In its latest research, business intelligence firm RFI found that most millennials in the U.K. actually trust PayPal more than they do traditional banks – at least, when it comes to managing their data. In the U.S., survey respondents agreed that new financial services from the likes of PayPal, Amazon or Google would be more exciting than new services from their banks.
While the same cannot necessarily be said about business customers, the findings do highlight the progress technology conglomerates have made in the financial services space: Traditional banks are no longer the only option for customers.
That includes corporates, too, as firms like PayPal press into the B2B payments and small business finance market – but they’re not always doing it alone.
Case in point: PayPal recently partnered with business management firm Sage to enable businesses to pay their supplier invoices with a PayPal business account. When Sage announced the collaboration late last month, the company also highlighted its own research, which found small businesses can waste up to 120 days on administrative tasks and up to 15 days on chasing late payments. Working with PayPal, the company said, could ease friction for both payers and payees in the B2B payment process, encouraging firms to pay their vendors more quickly.
In a recent interview with PYMNTS, Sage’s business development director of worldwide payments and banking, Lucy Underwood, said the PayPal integration reflects the changing payment habits of companies, just as consumer habits are changing, too.
“Checks are on the decline, as they’re costly and labor intensive to process,” Underwood explained. “Younger generations are changing consumer payment habits, with paperless options like PayPal becoming the preferred choice for providing a frictionless customer journey. This combination will be the driving force for getting businesses to adapt.”
Sage isn’t PayPal’s first foray into B2B payments. Following the company’s launch of small business lending services, PayPal partnered with small business accounting software Reckon in 2016, enabling SMBs to issue invoices with the capability for customers to settle using PayPal. Since then, the firm has struck similar collaborations with OroCommerce and Xero.
According to Underwood, PayPal’s brand awareness and steady customer trust position the firm to disrupt the B2B payments space. For vendors, that means “better cash flow management and freed-up time.” For corporate buyers, that yields “the ability to view the full reconciliation of payment” in a bird’s eye view of spend and expenses.
Despite PayPal’s steady march into the B2B market, corporate payment behavior isn’t easy to budge. The check’s continuing dominance in the U.S. B2B payments market is just one example of how difficult it can be, and how long it can take, for companies to change the ways they pay invoices.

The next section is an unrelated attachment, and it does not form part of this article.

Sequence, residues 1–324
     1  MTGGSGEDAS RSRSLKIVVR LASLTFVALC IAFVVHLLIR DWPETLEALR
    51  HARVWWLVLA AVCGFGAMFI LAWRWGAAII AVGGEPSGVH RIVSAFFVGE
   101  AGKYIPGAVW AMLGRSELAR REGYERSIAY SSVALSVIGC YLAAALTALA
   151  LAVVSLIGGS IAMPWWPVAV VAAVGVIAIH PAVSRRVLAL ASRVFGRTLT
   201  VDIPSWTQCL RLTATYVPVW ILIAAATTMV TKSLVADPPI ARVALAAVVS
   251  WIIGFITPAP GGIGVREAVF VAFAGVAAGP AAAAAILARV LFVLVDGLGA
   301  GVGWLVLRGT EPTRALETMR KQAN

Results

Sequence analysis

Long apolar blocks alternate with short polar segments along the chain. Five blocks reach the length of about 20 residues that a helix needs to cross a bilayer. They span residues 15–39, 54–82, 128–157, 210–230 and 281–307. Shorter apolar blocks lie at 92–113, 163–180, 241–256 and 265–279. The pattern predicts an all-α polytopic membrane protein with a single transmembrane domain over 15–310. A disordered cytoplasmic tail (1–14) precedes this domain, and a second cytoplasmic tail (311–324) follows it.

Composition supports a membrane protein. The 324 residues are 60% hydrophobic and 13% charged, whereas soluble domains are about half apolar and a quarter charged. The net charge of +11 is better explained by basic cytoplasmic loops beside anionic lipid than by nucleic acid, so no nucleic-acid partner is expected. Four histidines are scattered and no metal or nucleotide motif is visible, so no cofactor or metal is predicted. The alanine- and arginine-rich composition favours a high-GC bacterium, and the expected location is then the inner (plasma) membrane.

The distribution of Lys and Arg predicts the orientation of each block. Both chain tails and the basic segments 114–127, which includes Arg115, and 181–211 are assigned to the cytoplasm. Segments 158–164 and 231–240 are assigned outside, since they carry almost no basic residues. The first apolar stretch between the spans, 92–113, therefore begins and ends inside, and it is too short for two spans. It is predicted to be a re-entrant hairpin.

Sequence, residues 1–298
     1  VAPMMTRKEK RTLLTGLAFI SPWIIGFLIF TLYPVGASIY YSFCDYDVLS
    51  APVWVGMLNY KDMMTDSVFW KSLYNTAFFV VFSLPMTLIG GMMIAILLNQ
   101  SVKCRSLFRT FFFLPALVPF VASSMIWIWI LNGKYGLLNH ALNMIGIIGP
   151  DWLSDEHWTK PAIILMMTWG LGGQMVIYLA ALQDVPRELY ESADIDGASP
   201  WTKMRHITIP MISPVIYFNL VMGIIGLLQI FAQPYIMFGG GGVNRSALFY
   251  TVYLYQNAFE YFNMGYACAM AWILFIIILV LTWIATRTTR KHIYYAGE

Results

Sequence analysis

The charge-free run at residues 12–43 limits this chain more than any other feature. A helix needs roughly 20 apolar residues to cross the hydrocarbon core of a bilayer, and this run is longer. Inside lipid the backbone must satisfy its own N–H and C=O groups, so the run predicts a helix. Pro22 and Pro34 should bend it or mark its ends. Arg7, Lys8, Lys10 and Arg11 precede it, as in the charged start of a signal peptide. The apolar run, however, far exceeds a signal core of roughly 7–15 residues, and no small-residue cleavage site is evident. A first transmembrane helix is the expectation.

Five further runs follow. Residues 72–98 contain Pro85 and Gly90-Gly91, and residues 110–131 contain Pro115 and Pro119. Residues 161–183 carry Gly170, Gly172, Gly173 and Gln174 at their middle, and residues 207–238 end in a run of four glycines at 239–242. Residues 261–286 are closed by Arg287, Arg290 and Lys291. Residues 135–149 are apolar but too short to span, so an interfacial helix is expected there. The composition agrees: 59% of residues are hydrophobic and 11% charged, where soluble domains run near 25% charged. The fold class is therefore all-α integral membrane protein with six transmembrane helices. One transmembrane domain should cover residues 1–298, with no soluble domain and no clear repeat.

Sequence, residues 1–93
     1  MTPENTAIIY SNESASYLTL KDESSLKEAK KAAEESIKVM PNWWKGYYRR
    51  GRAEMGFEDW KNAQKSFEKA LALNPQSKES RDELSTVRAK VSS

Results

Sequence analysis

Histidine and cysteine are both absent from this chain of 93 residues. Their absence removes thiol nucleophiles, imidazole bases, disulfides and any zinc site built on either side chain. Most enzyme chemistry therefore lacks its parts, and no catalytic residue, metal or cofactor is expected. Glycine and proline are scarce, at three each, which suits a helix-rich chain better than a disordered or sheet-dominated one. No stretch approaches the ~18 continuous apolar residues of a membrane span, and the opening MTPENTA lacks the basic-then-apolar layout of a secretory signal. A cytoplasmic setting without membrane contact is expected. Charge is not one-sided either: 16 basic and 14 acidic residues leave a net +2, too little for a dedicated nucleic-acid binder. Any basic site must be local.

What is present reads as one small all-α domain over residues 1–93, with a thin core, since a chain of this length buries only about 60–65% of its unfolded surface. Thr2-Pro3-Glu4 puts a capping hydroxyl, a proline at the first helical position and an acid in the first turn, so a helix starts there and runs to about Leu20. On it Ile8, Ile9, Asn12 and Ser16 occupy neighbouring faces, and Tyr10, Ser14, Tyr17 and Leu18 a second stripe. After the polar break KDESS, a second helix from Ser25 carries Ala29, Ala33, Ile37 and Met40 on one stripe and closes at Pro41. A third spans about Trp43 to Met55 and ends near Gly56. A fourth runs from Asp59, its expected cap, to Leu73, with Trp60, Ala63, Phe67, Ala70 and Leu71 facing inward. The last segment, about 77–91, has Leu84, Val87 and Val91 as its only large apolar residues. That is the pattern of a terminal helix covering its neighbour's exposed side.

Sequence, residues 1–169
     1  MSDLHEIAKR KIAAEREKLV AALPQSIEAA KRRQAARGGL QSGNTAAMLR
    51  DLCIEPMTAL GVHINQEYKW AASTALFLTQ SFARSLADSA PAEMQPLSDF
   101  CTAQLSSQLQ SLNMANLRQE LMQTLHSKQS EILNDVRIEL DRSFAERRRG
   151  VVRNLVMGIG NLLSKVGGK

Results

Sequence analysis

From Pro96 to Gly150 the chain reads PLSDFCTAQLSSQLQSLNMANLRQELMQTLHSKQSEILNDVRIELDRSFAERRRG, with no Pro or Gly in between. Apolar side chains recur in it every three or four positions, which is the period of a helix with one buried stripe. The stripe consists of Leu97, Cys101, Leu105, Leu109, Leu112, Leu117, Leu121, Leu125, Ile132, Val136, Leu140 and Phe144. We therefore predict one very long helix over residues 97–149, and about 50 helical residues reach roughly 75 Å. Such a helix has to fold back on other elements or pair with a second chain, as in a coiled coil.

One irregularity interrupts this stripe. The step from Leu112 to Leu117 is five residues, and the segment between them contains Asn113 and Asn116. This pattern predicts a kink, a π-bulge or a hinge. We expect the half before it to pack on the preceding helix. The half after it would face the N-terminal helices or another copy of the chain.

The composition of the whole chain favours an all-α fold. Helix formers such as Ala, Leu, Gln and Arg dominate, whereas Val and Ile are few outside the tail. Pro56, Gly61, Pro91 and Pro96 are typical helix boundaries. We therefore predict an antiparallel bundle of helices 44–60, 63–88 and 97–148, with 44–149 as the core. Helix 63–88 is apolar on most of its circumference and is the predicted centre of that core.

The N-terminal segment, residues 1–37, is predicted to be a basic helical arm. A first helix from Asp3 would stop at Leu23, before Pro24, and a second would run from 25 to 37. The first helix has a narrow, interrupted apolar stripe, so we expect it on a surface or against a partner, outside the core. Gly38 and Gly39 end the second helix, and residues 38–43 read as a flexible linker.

But change is happening. A 2017 report by Credit Research Foundation and NACHA revealed technology improvements to be the second-leading force driving changing business payment practices (behind internal factors). Technology improvements surpassed encouragement from banks, and even cost, as the top driver of change, the report found.
The survey also highlighted the tug of war between vendors and customers when it comes to changing payment habits. For instance, while the majority of businesses said they wanted to be paid via ACH, nearly half said the biggest hurdle is the fact that their clients are not capable of sending payments via this rail.
PayPal will face similar challenges as it continues to venture further into business-to-business payments, Underwood said.
“[One] challenge with these new forms of payment solutions is that both the customers and businesses need to have existing accounts,” she explained, adding that addressing friction in the on-boarding process and making it as easy as possible for companies to set up a PayPal business account will be paramount to gaining traction. “PayPal and other payment service providers need to make it very simple to sign up on the spot and make payments,” she said.
The shift away from paper checks is inevitable, Underwood said.
“Ultimately, efficiencies such as cost and time saved will drive change – but it will take time,” she said. “Many companies don’t know how to go about integrating payment options into their software, and/or they don’t trust newer types of payment companies.”
For corporates, this means education is crucial to ensuring that gradual change continues. Unfortunately, according to Underwood, this is also the B2B payment industry’s largest hurdle when it comes to encouraging vendors to adopt electronic payment rails without causing disruption or added friction for their customers.
“The biggest challenge is a lack of awareness and education of the benefits,” she said. “The digital payment environment is a safe and streamlined option for making payments, but many don’t know this. Suppliers need to reinforce the benefits of using digital payment platforms: simplicity, convenience and time saved.”
Vendors have a massive incentive to integrate ePayments capabilities, particularly as it relates to the delayed payment challenges suppliers face as they wait to receive paper checks, Underwood said – a “strenuous” practice for their cash flow.
But Underwood said suppliers have to make it easy on their customers to handle this change, too.
“Increasingly, companies are moving toward digital payment options directly provided on the invoice, as it encourages speedy payment and convenience for all parties involved,” she said. “Otherwise, payees can be easily distracted by other tasks and put off paying quickly.”